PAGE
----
Though there's less stigma around seeking support these days, Vescera said that the military culture, which emphasizes strength, often still leads veterans to misconstrue the acknowledgment of mental health problems as a sign of weakness.
Family members play a critical role in helping veterans seek help.
"One of the biggest motivators for veterans is to repair life with their families," Ruzek said.
Vescera offered a few pointers for families on how to approach the issue with their veterans: Do be yourself and be genuine; remain calm when listening to a veteran's experiences; listen without judgment; and stay positive, which does not necessarily translate to overenthusiasm but rather reassuring the person that help is available.
Ashlynn Steinbaugh, who also spoke on Monday's panel as a graduate student at Palo Alto University and as a daughter of a veteran father, said that it's important for families to "talk early, and talk often."
"If you notice something that kind of seems out of the usual or they're not acting right ... talk about it and try to figure out how to start these conversations," Steinbaugh said.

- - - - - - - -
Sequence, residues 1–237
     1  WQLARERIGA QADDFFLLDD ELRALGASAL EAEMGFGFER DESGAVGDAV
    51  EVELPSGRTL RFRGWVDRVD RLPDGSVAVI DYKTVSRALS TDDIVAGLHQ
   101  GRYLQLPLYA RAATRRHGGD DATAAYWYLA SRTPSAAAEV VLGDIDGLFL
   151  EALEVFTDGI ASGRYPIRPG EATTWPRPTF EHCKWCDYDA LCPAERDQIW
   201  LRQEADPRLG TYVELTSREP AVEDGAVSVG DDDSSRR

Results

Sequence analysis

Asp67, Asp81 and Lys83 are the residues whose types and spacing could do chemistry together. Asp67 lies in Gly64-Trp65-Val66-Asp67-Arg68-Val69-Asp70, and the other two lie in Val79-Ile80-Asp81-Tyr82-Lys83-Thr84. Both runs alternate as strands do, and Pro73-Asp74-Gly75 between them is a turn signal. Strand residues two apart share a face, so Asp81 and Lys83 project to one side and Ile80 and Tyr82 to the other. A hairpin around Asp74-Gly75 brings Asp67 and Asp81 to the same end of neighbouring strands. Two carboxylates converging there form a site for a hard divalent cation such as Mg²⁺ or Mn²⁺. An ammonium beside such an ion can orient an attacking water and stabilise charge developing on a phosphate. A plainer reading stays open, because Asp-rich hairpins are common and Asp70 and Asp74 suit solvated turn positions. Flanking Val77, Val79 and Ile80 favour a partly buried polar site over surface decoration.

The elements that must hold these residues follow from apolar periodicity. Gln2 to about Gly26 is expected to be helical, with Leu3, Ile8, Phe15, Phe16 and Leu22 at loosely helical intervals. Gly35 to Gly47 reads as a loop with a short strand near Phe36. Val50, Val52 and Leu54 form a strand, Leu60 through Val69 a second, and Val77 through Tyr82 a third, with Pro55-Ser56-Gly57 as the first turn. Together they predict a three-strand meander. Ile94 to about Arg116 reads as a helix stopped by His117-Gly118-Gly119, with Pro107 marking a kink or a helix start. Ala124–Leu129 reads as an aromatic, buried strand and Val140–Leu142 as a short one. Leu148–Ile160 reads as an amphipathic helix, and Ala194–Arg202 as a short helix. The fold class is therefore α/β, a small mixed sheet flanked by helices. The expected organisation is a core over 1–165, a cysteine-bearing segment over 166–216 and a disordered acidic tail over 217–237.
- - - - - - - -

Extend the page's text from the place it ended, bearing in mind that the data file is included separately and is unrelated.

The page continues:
Vescera also pointed to a few "don'ts" with respect to those family conversations: Don't argue; don't agree to confidentiality if you can't keep the promise; don't blame yourself; and don't give lectures or speeches on the value of life or being more grateful — it could make the veteran feel guilty, Vescera said.
"The only person you're in control of is yourself, and that's the same way with the veteran," she said.
Ruzek also recognized that it's important that each family member's mental well-being is also in check.
"It's important to remember that if you want to be the most constructive part of that person's future or that person's recovery ... it's going to be necessary for you to manage and take care of your own well-being," he said.
To view the full seminar, which also offers a list of resources for veterans and families, go to tinyurl.com/PAUvets2021. The panel discussion was part of the school's larger webinar series, "At the Forefront of Mental Health."
Help is available
Any person who is feeling depressed, troubled or suicidal can call 800-784-2433 to speak with a crisis counselor. People in Santa Clara County can call 855-278-4204. Spanish speakers can call 888-628-9454.
People can reach trained counselors at Crisis Text Line by texting RENEW to 741741.